BELLA FRUTTETO. 2602 Brandt School Road, Wexford. 724-940-7777. Adjacent orchards are one of the attractions at this comfortable, clubby suburban restaurant. The Italian-inspired menu features the fruits of these orchards in several apple-based dishes, including apple ravioli and apple bruschetta. Bella Frutteto combines an innovative but unfussy menu with friendly service and congenial seating. KE BENJAMIN’S WESTERN AVENUE BURGER BAR. 900 Western Ave., North Side. 412-224-2163. A casual-chic burger-and-sandwich joint is a tasty addition to the North Side. The menu consists of a matrix of burgers (two sizes, nine topping combos, beef or veggie patty), four other sandwiches and eight beer-friendly “snacks” (from nuts to a charcuterie platter). Prices aren’t dinercheap, but then some burgers come with red-wine-braised onion and truffle mustard. KE CHINA STAR. 100 McIntyre Square, 7900 McKnight Road, North Hills. 412-364-9933. Though a standard ChineseAmerican menu available, the real action is on the humbly Xeroxed Sichuan menu that’s all in Chinese. Fortunately, there is a translated version available, and the names read like a gourmand’s exotic fantasy: duck with devil’s tongue yam, rabbits in flaming pan. These authentic dishes may sound mysterious, but they’re delicious. KE GRAN CANAL CAFFÉ. 1021 N. Canal St., Sharpsburg. 412-781-2546. The menu here is classic coastal Mediterranean. Even dishes rarely seen at other Italian restaurants — such as snails and penne stuffed with seafood — are traditional, not made up to satisfy eclectic contemporary tastes. The cannelloni alone merits a visit to one of Gran Canal’s cozy, familyfriendly dining rooms. KE GREEN FOREST. 655 Rodi Road, Penn Hills. 412-371-5560. Tucked into a nondescript office plaza is this churrascaria — a Brazilian all-you-can-eat restaurant. Servers pull barbequed meats right off the rotisserie grill and present them at your table, ready to carve off as much freshly cooked meat as you like. There are hot and cold buffets as well, but savvy diners load up on the juicy meats. KE

Lola Bistro {PHOTO BY HEATHER MULL} GREEN PEPPER. 2020 Murray Ave., Squirrel Hill 412-422-2277. At this family-run restaurant, diners will find authentic Korean recipes refreshingly not reconstituted for timid Americans — no egg rolls or Chinese-American stir-fries. Dumplings contain kimchi, and the soup is pumpkin. Entrees include the more-familiar bulgogi (barbecued beef), as well as bibimbap, in which meat and veggies are mixed with rice. KE

{PHOTO BY HEATHER MULL}

Selma’s Texas Barbecue THE LIBRARY. 2304 E. Carson St., South Side. 412-381-0517. The entrée list at this bookish-themed bistro is short, usually a good sign that the chef is focusing on the strengths of his kitchen and the season’s freshest foods. Dishes revolve around the staples of meat, seafood and pasta, but in fearless and successful preparations that make the menu a worthwhile read. KE LOLA BISTRO. 1100 Galveston Ave., Allegheny West. 412-3221106. This is a neighborhood bistro with an atmosphere you’d like to experience every night, and food good enough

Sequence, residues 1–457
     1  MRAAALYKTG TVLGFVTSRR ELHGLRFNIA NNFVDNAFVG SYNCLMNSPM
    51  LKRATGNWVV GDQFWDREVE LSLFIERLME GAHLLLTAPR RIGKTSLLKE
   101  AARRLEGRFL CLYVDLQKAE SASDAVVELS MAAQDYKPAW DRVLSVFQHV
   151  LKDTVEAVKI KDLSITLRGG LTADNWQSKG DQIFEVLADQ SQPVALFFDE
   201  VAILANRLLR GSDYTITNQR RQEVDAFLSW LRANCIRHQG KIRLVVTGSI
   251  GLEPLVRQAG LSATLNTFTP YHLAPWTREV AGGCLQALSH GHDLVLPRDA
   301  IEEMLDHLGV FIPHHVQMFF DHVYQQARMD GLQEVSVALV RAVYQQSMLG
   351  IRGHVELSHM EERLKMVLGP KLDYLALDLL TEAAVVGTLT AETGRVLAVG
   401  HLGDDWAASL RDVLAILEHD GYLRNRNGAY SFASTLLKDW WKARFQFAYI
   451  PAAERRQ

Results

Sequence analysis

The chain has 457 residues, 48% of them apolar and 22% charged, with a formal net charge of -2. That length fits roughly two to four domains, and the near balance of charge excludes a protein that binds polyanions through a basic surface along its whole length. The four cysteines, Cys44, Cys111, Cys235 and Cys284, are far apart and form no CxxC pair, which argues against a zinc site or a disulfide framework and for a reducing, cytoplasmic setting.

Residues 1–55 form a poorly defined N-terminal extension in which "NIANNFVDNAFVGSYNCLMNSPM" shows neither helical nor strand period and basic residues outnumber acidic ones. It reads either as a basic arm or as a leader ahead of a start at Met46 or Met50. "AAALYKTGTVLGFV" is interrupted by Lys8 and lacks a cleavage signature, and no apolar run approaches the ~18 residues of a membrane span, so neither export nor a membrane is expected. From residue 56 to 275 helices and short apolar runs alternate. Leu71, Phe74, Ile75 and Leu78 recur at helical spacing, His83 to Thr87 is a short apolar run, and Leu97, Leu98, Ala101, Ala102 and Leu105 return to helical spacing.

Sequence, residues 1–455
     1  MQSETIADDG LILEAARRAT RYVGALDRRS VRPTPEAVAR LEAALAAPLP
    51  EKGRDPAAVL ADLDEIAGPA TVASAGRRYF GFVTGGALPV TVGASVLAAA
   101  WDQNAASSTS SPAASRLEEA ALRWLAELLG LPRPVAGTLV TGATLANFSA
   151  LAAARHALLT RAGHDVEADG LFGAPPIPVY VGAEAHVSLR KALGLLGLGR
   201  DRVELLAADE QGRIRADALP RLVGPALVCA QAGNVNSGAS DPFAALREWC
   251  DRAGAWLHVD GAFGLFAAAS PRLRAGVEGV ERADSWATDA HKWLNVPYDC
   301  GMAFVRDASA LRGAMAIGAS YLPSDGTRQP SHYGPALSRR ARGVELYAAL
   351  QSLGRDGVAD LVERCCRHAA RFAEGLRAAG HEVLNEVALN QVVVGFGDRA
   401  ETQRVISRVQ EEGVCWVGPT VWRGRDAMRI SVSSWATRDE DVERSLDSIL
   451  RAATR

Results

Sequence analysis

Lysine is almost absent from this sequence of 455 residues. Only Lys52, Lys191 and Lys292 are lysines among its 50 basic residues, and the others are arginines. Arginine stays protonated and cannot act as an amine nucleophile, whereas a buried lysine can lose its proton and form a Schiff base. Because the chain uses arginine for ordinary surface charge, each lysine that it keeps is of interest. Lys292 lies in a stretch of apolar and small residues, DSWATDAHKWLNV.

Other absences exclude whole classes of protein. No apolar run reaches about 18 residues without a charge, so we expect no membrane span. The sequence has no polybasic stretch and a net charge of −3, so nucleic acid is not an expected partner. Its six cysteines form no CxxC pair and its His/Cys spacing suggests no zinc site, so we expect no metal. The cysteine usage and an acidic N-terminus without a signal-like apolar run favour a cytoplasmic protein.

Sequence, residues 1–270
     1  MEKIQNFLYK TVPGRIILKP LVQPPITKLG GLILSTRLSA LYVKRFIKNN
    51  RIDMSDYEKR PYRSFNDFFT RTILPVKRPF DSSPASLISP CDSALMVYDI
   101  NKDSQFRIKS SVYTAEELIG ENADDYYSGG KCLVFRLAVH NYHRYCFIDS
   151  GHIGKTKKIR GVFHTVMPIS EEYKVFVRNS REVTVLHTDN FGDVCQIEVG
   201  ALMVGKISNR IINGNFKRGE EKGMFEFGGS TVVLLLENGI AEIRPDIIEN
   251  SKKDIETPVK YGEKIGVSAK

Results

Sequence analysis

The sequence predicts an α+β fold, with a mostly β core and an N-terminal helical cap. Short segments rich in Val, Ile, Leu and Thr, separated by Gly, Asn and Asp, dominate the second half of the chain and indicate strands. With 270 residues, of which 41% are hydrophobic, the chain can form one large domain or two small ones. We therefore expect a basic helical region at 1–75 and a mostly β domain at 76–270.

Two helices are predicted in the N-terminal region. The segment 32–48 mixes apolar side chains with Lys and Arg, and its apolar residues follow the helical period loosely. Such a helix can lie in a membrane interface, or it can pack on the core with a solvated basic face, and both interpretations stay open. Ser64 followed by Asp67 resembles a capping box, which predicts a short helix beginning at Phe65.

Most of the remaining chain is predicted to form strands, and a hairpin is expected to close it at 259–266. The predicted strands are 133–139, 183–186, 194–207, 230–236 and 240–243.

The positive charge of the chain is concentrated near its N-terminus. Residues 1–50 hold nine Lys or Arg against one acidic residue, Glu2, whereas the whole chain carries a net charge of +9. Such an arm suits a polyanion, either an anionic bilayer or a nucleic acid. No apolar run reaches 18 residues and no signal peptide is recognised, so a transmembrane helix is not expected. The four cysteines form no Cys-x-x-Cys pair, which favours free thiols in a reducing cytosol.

to do the same. The menu here offers “contemporary comfort cuisine” — it hews toward the familiar (meat and fish, pot pie, pasta Bolognese) while applying up-to-the-minute sensibilities to the details: house-cured meats, infused oils, coconut milk in the Moroccan vegetable stew. LF

Actually, so are all the others.

MAD MEX. Multiple locations. www.madmex.com. This local chain’s several lively, funkily decorated restaurants boast an inventive selection of Cal-Mex cuisines. Mad Mex is a good stop for vegetarians, with dishes such as chick-pea chili and eggplant burrito. It’s not genuine Mexican by a long shot, but if there were a country with this food, it’d be great to vacation there. JE NAKAMA JAPANESE. 1611 E. Carson St., South Side. 412-381-6000. Pittsburghers are crazy about this sushi bar/ steakhouse, and every weekend pretty people crowd inside to watch the knife-wielding chefs. Presentation is key for customers and restaurant alike: The interior is smart, the chefs entertaining, and the food is good, if pricey. LE NICKY’S THAI KITCHEN. 856 Western Ave., North Side (412-321-8424) and 903 Penn Ave., Downtown (412-471-8424). This restaurant offers outstanding Thai cuisine — from familiar options to chef’s specials that are truly special, such as gaprow lad kao (a Thai stir-fry) and salmon mango curry. The flavors here are best described as intense, yet without overwhelming the fresh ingredients. KF NU MODERN JEWISH BISTRO. 1711 Murray Ave., Squirrel Hill. 412-422-0220. This modern take on the traditional Jewish deli makes the argument that such CONTINUES ON PG. 34